Question

Asked Sep 10, 2019

Students who seek therapy at university counseling centers often do not attend many sessions. For example, in one study, the median number of therapy sessions was 3 and the mean was 4.6 (Hatchett, 2003). Let’s examine the spread of fictional scores for a sample of five students: 1, 2, 4, 4, and 10 therapy sessions, with a mean of 4.2. We find out how far each score deviates from the mean by subtracting the mean from every score. First, we label with an *X* the column that lists the scores. Here, the second column includes the results we get when we subtract the mean from each score, or *X* − *M*. We call each of these a deviation from the mean (or just a *deviation*)—*the amount that a score in a sample differs from the mean of the sample*.

X |
X − M |
---|---|

1 | − 3.2 |

2 | − 2.2 |

4 | − 0.2 |

4 | − 0.2 |

10 | 5.8 |

But we can’t just take the mean of the deviations. If we do (and if you try this, don’t forget the signs—negative and positive), we get 0—every time. Are you surprised? Remember, the mean is the point at which all scores are perfectly balanced. Mathematically, the scores *have* to balance out. Yet we know that there *is* variability among these scores. The number representing the amount of variability is certainly not 0!

When we ask students for ways to eliminate the negative signs, two suggestions typically come up: (1) Take the absolute value of the deviations, thus making them all positive, or (2) square all the scores, again making them all positive. It turns out that the latter, squaring all the deviations, is how statisticians solve this problem. Once we square the deviations, we can take their average and get a measure of variability. Later (using a beautifully descriptive term created by our students), we will “*un*square” those deviations in order to calculate the standard deviation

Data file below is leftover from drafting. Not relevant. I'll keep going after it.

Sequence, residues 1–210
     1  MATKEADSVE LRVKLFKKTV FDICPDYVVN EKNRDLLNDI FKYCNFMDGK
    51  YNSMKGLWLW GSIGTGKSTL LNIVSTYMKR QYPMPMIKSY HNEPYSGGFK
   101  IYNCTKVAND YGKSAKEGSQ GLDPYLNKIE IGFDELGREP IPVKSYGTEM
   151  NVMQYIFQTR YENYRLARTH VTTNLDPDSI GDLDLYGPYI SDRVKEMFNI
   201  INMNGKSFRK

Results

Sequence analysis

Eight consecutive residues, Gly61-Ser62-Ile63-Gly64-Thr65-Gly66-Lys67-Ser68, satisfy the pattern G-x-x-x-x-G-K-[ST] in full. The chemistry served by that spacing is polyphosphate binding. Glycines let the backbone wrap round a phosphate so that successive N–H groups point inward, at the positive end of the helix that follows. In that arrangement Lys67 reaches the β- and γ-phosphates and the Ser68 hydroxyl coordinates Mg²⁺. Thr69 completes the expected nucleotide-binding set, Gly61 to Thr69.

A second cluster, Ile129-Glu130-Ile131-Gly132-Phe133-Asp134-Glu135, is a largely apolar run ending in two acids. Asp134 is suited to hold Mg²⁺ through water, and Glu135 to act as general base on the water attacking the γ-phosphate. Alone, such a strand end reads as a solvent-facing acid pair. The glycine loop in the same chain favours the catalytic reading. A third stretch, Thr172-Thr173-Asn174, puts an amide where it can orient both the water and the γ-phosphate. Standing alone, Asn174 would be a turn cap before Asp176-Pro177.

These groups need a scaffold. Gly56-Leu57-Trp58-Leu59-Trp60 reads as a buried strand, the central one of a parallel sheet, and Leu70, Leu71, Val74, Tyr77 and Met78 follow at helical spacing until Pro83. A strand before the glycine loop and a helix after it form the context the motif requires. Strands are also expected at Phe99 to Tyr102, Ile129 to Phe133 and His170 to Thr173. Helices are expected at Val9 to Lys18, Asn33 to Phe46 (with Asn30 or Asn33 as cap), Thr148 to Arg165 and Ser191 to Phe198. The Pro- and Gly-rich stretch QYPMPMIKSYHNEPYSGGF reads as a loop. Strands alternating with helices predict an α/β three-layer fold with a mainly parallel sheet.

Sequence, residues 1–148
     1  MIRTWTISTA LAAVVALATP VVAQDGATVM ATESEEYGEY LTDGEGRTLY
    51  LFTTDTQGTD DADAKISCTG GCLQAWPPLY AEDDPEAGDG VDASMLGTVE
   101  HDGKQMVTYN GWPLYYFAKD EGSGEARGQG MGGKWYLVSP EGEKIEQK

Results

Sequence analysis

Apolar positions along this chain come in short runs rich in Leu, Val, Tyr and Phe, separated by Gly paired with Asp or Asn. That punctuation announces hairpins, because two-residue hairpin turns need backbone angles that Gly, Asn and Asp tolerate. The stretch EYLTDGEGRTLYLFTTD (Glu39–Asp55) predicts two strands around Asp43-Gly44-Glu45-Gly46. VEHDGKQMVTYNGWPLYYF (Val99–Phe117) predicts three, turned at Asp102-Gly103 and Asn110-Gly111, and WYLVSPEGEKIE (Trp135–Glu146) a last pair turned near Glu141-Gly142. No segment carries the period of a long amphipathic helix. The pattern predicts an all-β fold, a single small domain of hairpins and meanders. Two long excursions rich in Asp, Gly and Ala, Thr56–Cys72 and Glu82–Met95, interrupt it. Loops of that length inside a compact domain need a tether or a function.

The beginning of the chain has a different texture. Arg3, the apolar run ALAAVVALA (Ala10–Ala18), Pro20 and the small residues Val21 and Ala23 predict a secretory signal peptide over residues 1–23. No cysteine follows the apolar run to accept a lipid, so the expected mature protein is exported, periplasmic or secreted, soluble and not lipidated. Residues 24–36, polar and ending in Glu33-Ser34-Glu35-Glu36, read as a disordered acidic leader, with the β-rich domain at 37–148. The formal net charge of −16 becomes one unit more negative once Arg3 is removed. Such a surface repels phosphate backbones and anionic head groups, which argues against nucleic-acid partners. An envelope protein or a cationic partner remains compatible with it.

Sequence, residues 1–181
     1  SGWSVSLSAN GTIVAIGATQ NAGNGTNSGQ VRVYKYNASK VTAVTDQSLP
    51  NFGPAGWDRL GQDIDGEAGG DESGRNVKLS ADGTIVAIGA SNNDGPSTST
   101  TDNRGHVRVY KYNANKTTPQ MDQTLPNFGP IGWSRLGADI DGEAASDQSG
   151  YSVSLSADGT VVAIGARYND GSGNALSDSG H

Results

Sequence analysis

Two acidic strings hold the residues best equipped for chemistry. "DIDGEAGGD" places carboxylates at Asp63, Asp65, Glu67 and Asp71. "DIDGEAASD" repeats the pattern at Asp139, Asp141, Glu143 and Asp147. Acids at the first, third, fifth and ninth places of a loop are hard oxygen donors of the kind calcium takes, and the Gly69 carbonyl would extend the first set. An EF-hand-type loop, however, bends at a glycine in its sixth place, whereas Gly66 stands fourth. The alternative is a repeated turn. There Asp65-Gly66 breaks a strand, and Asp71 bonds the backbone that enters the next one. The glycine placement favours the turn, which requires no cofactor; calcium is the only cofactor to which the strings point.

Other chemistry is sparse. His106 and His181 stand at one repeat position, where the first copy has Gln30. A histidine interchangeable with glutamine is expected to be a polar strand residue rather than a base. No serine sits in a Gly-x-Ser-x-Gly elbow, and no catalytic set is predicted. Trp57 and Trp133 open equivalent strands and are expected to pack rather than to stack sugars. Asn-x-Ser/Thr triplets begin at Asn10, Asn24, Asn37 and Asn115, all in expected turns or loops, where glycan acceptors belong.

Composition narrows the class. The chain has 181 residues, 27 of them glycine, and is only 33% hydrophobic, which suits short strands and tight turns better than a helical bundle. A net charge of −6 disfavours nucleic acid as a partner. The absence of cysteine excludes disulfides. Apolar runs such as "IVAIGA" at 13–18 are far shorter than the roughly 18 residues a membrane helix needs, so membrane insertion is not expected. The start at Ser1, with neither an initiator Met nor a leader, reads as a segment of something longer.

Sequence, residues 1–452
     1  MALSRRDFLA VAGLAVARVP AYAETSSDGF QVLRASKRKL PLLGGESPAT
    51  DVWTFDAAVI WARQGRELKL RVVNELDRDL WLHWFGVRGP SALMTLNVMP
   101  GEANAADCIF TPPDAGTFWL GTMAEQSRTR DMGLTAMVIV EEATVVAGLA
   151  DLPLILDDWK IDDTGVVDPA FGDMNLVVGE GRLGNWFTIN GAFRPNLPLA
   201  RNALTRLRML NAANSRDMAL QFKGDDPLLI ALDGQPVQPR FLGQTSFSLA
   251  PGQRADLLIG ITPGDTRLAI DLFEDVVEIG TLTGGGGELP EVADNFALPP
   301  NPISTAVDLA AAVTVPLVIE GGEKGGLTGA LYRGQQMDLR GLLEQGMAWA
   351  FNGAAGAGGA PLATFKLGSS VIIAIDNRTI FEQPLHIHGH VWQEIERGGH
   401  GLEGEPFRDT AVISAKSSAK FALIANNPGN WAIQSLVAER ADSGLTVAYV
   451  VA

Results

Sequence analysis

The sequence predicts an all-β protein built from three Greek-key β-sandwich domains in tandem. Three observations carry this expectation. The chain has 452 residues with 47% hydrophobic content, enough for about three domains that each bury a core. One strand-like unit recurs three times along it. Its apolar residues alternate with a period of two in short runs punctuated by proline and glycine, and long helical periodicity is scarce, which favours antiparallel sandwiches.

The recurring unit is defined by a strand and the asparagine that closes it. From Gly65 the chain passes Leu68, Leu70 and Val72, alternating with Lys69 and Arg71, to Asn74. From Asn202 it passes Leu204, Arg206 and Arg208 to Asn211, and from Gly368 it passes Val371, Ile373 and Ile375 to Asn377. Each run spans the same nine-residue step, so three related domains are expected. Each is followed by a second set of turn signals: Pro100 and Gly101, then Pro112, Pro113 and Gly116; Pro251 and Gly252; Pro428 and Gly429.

Step 1

**Note:**

Hi there! Thank you for posting the question. However, it is not exactly clear what needs to be found, from the manner in which the question is presented. So, we have solved it to the best of our abilities, by assuming that (1) represents the Mean Absolute Deviation (MAD), and (2) represents the Standard Deviation (SD).

Step 2

**Calculation:**

Consider the following table for th...

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